- European Commission looking at options to address oversupply
- Commission won’t endorse direct price regulation, Delbeke says
The European Commission will not support a proposal to introduce a price floor or corridor in Europe’s emissions market and prefers supply controls to strengthen the system, according to senior European Union official Jos Delbeke.
The EU’s 28 national governments and the European Parliament are discussing a reform of the bloc’s Emissions Trading System to adjust it to stricter pollution-reduction goals for 2030. As a part of the review, France is pushing for a minimum price to boost prices the cap-and-trade program after they sank almost 80 percent in the past eight years.
“We would not be in favor of a price corridor or a minimum price,” Delbeke, the commission’s director general for climate, said in an interview in Brussels on Wednesday. “The ETS is a market instrument. We have to find a balanced market; but if we’re going to regulate prices directly, we may have all kinds of side effects that are not worth striving for.”
The European emissions market, the world’s biggest, imposes decreasing pollution limits at more than 11,000 installations owned by utilities and manufacturers and has no price floors or ceilings. Allowances for delivery in December were at 6.11 euros a metric ton at the ICE Futures Europe exchange in London on Thursday, down 26 percent this year amid a persisting surplus of permits. Each permit covers 1 metric ton of carbon dioxide.
A change to the EU emissions market law would need endorsement by the European Commission, qualified-majority support from national governments in the Council of the EU and majority backing from the European Parliament. The French proposal reheated a discussion about prices in the cap-and-trade program and other nations may come up with their own ideas in the political debate, Delbeke said.
“We know that economic growth is very low and we know that the surplus in the market is bigger than anyone would have thought,” Delbeke said. “We’re of course following closely what is happening on the market and I’m sure that in the legislative discussions in the Parliament and in the Council, now with France coming with their direct price proposal, there’s going to be more reflection on that.”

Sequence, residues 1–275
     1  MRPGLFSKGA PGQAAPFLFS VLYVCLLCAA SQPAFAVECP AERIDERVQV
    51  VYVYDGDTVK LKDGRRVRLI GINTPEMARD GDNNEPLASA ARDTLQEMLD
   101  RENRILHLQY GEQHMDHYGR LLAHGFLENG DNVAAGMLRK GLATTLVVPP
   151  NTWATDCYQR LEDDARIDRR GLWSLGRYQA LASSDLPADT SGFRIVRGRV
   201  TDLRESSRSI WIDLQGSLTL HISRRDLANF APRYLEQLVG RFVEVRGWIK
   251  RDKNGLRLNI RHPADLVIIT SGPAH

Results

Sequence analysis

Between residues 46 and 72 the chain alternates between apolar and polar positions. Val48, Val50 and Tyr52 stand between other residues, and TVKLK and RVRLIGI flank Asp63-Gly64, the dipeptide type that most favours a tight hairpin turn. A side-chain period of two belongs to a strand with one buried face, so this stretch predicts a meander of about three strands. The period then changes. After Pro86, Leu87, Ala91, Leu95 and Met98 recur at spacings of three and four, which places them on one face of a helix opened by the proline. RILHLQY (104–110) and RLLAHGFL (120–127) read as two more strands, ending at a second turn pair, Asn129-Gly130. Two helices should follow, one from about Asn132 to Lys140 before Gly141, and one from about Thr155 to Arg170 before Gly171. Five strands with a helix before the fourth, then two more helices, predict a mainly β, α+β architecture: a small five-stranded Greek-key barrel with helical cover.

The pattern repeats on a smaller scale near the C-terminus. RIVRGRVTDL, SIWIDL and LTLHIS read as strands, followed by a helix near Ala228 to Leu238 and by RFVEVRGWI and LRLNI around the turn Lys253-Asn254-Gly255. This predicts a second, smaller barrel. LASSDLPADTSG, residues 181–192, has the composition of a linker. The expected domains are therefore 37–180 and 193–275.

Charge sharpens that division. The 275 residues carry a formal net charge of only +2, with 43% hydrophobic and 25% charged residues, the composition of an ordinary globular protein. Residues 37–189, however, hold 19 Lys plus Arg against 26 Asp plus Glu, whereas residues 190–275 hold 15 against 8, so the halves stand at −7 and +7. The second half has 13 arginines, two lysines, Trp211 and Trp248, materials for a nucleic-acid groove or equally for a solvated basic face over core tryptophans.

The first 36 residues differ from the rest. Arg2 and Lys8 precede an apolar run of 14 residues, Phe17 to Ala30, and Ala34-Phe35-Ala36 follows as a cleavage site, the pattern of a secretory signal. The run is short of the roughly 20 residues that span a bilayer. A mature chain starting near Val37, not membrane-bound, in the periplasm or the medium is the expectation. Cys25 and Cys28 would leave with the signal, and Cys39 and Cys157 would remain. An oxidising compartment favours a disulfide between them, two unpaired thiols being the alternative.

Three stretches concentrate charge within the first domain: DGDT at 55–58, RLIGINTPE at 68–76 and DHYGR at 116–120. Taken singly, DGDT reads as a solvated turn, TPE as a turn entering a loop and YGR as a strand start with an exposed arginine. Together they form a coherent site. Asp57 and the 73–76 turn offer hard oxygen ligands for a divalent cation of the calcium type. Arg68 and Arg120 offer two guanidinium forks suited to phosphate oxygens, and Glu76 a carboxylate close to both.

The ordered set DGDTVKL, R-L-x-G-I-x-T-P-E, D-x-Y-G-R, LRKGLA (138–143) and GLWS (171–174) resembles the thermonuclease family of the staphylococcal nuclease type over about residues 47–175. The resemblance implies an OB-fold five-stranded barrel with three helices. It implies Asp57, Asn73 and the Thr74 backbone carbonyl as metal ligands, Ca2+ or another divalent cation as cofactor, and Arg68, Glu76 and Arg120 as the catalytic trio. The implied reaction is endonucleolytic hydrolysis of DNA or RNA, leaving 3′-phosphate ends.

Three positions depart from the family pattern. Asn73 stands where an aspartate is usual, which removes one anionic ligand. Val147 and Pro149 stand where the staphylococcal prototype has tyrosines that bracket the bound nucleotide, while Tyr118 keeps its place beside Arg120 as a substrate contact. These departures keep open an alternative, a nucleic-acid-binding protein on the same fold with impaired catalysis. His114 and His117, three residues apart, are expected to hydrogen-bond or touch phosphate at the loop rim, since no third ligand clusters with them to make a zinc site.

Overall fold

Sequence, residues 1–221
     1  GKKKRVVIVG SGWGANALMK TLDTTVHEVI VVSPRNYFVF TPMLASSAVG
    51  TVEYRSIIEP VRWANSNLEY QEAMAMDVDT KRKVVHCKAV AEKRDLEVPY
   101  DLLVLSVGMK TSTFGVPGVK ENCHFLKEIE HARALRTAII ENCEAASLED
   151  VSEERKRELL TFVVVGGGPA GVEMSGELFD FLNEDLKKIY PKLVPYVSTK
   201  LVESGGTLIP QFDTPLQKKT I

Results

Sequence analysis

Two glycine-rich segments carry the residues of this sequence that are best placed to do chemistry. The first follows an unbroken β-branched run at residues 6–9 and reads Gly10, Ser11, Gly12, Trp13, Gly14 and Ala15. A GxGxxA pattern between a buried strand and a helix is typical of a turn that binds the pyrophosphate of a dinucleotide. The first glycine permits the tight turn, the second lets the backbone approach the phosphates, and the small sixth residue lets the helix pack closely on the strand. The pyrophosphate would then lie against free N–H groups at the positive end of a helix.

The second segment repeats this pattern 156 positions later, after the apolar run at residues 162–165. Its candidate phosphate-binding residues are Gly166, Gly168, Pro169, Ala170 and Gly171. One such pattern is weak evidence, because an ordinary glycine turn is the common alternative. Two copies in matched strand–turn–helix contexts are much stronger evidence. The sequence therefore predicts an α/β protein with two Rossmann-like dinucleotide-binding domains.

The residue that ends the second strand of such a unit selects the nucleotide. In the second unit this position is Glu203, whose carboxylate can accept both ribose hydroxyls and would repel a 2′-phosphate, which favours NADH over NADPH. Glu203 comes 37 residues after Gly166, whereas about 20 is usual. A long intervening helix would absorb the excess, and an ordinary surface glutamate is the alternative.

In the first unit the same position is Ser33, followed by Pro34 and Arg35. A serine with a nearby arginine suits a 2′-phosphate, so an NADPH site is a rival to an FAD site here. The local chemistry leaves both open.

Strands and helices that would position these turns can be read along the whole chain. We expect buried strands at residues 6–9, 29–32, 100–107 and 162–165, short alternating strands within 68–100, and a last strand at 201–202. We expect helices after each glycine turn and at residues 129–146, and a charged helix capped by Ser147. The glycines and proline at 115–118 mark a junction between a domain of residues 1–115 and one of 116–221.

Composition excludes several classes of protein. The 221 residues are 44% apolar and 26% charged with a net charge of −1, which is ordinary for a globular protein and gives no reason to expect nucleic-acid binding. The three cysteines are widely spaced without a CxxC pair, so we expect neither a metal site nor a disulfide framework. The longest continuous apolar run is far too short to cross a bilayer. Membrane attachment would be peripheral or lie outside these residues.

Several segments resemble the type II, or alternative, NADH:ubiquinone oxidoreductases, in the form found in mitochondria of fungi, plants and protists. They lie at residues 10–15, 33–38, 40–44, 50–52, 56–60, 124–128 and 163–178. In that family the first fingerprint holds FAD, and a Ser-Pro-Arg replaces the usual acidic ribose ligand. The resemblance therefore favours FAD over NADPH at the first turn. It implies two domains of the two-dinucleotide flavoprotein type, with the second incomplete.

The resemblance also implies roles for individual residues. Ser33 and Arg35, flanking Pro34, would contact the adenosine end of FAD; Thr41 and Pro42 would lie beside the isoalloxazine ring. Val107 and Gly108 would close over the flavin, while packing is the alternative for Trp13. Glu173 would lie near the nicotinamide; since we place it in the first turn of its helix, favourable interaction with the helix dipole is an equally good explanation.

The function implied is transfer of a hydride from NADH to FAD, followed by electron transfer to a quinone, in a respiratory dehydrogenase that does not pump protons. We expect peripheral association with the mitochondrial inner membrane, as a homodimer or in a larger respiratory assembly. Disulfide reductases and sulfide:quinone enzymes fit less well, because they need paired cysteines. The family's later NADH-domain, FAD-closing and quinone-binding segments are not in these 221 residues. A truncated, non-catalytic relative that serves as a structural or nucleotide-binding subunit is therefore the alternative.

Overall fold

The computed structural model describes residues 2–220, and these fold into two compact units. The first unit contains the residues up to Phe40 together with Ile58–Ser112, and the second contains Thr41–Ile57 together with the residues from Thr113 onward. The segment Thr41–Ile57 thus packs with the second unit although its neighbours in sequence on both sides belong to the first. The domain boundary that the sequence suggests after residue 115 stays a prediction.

The carbon floor idea promoted by France, where 73 percent of electricity comes from emissions-free power plants, attracted little support from other EU member states. The German emissions trading authority DEHST, a unit of the environment ministry, chimed with the European Commission, recommending tightening the supply of carbon permits rather than imposing price floor. The EU should consider stricter climate goals, a faster pace of pollution reductions in the carbon market and permanent withdrawal of allowances under the post-2020 reform of the ETS, DEHST deputy head Juergen Landgrebe.
“Massive surpluses in emissions certificates mean that there’s hardly an impulse to reduce CO2 right now,” Landgrebe said in a written statement to Bloomberg News on Wednesday.
To reduce the glut of carbon allowances, aggravated by an economic slowdown that cut industrial output, the EU decided last year to implement starting in 2019 the Market Stability Reserve, a mechanism that would automatically control the supply of permits to pollute. It will automatically absorb allowances in the EU cap-and-trade program if the surplus exceeds a fixed limit, and release them to the market in the event of a shortage.
The carbon market could be further strengthened as a part of the post-2020 reform by building on the effects of the MSR, according to Delbeke. That means policy makers should opt for “quantity-inspired regulation” rather than setting price levels, he said.
“There are certain steps that can be taken on the supply side, but it’s too early to go into that now,” Delbeke said. “There are several options. We have the MSR; it’s a reserve. The reserve can become bigger or smaller. The reserve can be permanent or temporary. These are all things that one can envisage and we’re looking at all options addressing the problem of oversupply,” he said.
Delbeke also said policy makers may consider ways to avoid aggravating the surplus when selling more than 700 million allowances after 2020 from two special funds aimed at fostering innovative investments in clean energy and at modernization of energy systems in lower-income member states.
Three of the largest Nordic utilities, Fortum Oyj, Statkraft AS and Vattenfall AB, called earlier this month on the EU not to sell around 400 million allowances from the Innovation Fund before 2023 to minimize market distortion.
“Ideas are maturing on things like monetizing permits from the modernization and innovation funds,” Delbeke said. “I saw the paper from three Baltic companies that said perhaps we can monetize the innovation fund allowances later. These are things that are worth exploring in order to have a balance between supply and demand restored in the market.”